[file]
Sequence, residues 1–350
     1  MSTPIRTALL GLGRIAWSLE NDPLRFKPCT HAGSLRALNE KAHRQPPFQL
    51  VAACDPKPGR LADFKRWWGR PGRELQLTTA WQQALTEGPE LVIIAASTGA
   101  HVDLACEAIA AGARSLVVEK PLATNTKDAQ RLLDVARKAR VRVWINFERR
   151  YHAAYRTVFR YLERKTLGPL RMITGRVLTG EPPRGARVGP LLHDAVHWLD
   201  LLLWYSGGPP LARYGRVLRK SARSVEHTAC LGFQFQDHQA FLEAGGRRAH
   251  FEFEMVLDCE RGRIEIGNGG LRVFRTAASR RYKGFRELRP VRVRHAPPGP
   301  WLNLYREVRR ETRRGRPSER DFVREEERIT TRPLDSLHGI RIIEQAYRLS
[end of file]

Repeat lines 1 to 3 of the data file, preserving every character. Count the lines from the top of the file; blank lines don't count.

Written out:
Sequence, residues 1–350
     1  MSTPIRTALL GLGRIAWSLE NDPLRFKPCT HAGSLRALNE KAHRQPPFQL
    51  VAACDPKPGR LADFKRWWGR PGRELQLTTA WQQALTEGPE LVIIAASTGA